- "Asymmetric" refers to there being two keys with two different roles. The public key can be publicly shared and it won't affect security.
- An abstract API for asymmetric cryptography:

`keygen() -> (public key, private key) (a randomized function)encrypt(plaintext: array<byte>, public key) -> array<byte> (the ciphertext)decrypt(plaintext: array<byte>, private key) -> array<byte> (the plaintext)sign(message: array<byte>, private key) -> array<byte> (the signature)verify(message: array<byte>, signature: array<byte>, publickey) -> bool (whether or not the signature is valid)`

- Properties
- Given the ciphertext, it's hard to determine the plaintext without the private key
- Correctness property:
`decrypt(encrypt(m, publickey), privatekey) = m`

- Whatever the message is, without the private key, it's hard to produce a signature such that
`verify(message, signature, publickey)=true`

- Applications
- PGP email encryption: People can have their public keys online, and someone else can send an encrypted email
- Private messaging: Apps like Signal and Keybase use asymmetric keys to establish private communication channels
- Signing software: Git can have GPG-signed commits and tags. With a posted public key, others can verify the authenticity of the downloaded software

- Key Distribution: a big challenge of distributing public keys / mapping public keys to real-world identities. There are many solutions to this:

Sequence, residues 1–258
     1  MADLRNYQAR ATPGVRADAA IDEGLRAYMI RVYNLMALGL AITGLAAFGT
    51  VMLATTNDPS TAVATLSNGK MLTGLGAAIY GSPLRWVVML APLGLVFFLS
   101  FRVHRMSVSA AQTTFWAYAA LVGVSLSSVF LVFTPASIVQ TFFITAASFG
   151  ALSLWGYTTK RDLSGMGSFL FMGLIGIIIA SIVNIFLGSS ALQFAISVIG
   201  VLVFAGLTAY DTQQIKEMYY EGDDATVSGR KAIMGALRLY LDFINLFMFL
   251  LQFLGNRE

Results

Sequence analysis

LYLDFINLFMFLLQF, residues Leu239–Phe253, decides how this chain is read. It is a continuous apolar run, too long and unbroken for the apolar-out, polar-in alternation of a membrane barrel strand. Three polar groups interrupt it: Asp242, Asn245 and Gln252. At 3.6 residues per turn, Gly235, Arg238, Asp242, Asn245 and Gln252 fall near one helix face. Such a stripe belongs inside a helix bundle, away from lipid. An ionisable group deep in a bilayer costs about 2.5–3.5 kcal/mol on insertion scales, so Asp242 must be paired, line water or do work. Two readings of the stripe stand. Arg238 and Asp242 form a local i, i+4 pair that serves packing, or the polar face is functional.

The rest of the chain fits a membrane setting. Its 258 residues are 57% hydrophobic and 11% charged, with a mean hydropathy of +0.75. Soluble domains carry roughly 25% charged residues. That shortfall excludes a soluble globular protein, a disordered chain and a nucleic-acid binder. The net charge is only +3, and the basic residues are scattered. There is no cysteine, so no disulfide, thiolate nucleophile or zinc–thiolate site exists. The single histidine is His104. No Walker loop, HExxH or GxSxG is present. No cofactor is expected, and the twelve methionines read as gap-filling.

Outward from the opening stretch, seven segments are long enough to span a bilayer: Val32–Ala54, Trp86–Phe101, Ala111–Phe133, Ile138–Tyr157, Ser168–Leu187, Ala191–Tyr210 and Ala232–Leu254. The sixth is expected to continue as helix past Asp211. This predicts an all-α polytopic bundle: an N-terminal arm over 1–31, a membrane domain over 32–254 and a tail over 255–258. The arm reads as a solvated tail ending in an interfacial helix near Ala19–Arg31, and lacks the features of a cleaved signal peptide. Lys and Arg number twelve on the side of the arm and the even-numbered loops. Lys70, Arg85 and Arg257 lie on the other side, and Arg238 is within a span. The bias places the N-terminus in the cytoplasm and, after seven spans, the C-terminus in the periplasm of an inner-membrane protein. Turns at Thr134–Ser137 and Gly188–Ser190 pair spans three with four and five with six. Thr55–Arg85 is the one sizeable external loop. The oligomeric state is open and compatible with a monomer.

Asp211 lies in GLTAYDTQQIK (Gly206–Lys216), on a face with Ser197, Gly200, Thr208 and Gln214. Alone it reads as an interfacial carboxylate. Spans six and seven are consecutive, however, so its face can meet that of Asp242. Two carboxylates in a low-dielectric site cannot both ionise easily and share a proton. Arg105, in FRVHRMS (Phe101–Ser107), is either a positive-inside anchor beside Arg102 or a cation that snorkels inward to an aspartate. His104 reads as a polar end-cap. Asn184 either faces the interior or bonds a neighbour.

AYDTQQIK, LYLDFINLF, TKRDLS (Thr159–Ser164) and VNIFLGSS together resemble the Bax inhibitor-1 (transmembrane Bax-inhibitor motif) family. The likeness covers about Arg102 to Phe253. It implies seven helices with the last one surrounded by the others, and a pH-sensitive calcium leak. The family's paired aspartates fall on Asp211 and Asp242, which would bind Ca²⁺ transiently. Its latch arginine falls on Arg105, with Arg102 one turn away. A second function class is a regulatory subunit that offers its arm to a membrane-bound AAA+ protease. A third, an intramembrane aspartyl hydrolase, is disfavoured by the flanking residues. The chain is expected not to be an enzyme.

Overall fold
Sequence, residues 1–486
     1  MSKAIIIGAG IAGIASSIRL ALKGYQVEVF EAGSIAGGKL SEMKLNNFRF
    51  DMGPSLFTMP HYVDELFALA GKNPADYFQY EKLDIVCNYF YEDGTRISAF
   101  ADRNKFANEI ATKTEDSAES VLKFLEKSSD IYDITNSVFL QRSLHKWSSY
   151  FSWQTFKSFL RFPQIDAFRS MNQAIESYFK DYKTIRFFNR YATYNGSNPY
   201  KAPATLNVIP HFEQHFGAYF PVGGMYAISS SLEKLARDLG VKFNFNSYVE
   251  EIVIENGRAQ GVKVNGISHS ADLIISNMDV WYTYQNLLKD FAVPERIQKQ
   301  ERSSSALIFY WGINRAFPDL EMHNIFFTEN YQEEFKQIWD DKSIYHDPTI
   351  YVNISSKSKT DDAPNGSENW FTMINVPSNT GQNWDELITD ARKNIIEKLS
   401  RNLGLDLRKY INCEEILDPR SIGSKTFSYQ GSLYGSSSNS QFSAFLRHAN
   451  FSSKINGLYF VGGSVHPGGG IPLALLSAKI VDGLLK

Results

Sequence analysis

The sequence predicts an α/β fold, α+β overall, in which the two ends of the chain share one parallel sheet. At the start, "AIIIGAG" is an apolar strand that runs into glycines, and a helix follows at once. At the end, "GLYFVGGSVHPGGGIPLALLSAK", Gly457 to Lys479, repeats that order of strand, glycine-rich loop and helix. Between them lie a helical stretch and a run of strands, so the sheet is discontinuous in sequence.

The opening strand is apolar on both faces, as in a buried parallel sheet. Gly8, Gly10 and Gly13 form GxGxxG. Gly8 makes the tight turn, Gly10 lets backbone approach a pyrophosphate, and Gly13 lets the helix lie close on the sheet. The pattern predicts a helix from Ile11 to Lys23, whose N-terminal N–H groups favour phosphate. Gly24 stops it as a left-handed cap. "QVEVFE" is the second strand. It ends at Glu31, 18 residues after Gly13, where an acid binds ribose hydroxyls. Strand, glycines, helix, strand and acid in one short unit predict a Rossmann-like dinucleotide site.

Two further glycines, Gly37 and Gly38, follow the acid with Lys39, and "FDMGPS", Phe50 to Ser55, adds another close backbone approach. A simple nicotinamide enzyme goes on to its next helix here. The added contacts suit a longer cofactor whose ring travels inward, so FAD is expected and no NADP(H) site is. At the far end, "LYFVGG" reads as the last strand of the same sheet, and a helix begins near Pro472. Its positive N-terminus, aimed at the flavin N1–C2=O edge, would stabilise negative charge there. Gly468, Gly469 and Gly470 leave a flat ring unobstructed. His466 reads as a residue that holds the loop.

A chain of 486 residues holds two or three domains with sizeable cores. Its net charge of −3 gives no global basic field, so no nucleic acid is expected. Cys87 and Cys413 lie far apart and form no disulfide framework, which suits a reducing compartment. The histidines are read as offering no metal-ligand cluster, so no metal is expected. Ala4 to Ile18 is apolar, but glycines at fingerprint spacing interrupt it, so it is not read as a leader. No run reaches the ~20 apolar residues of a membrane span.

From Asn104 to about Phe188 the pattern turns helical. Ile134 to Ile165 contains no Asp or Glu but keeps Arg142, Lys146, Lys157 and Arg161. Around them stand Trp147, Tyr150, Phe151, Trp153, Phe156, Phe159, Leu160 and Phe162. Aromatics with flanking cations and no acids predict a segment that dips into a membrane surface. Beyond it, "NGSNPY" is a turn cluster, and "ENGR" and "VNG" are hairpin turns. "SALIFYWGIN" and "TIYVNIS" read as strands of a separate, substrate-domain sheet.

*Signal*: in-person verification*PGP*: web of trust*Keybase*: social proof

## Case Studies

### Passward Manager

- Make it convenient to use unique, randomly generated high-entropy passwards for all your logins.
- Save all of your passwards in one place, encrypted with a symmetric cipher with a key produced from a passphrase using a KDF.
- Benefits
- Avoid passward reuse
- Use high-entropy passwards
- Only need to remember a single high-quality passward

- Managers

### Two-factor Authentification (2FA)

- Two-factor authentification requires you to use a passphrase("something you know") along with a 2FA authenticator("something you have") to protect the stolen passward and phishing attacks

### Full-disk Encryption

- Keep the entire disk of your laptop encrypted with a symmetric cipher.

### Private Messaging

- Signal and Keybase. You should obtain the contacts' public keys. Maybe considering authenticating public keys out-of-band.

### SSH

`ssh-keygen`

will generate an asymmetric key-pair`publickey`

and`privatekey`

. It asks for a passphrase and is fed through a KDF to produce a key. The key is used to encrypt the private key with a symmetric cipher.`publickey`

is stored as-is`privatekey`

should be encrypted on disk

- Once the server konws the client's public key (stored in
`.ssh/authorized_keys`

file), the connecting client can prove its identity using asymmetric signatures.- The server picks a random number and sends to the client
- The client signs the message and sends the signature back to the server
- The server checks the signature using the public key on record.